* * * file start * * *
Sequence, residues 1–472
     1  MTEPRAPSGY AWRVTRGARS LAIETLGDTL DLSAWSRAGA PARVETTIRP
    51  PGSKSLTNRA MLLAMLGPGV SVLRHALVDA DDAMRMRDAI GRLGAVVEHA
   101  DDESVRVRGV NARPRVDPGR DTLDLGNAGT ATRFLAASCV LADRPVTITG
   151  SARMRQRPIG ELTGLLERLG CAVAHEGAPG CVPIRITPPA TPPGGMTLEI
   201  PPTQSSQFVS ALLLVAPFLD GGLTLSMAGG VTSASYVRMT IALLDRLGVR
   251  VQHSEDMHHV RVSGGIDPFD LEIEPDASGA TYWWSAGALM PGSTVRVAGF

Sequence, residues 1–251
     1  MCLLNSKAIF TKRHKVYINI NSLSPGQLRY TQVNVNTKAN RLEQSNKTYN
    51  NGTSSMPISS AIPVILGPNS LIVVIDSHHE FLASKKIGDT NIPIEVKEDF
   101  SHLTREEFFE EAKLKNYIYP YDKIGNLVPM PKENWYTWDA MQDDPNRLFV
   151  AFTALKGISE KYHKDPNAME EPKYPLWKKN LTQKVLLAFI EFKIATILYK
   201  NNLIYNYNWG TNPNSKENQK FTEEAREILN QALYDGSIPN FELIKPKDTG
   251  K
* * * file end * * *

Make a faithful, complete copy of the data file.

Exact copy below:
Sequence, residues 1–472
     1  MTEPRAPSGY AWRVTRGARS LAIETLGDTL DLSAWSRAGA PARVETTIRP
    51  PGSKSLTNRA MLLAMLGPGV SVLRHALVDA DDAMRMRDAI GRLGAVVEHA
   101  DDESVRVRGV NARPRVDPGR DTLDLGNAGT ATRFLAASCV LADRPVTITG
   151  SARMRQRPIG ELTGLLERLG CAVAHEGAPG CVPIRITPPA TPPGGMTLEI
   201  PPTQSSQFVS ALLLVAPFLD GGLTLSMAGG VTSASYVRMT IALLDRLGVR
   251  VQHSEDMHHV RVSGGIDPFD LEIEPDASGA TYWWSAGALM PGSTVRVAGF

Sequence, residues 1–251
     1  MCLLNSKAIF TKRHKVYINI NSLSPGQLRY TQVNVNTKAN RLEQSNKTYN
    51  NGTSSMPISS AIPVILGPNS LIVVIDSHHE FLASKKIGDT NIPIEVKEDF
   101  SHLTREEFFE EAKLKNYIYP YDKIGNLVPM PKENWYTWDA MQDDPNRLFV
   151  AFTALKGISE KYHKDPNAME EPKYPLWKKN LTQKVLLAFI EFKIATILYK
   201  NNLIYNYNWG TNPNSKENQK FTEEAREILN QALYDGSIPN FELIKPKDTG
   251  K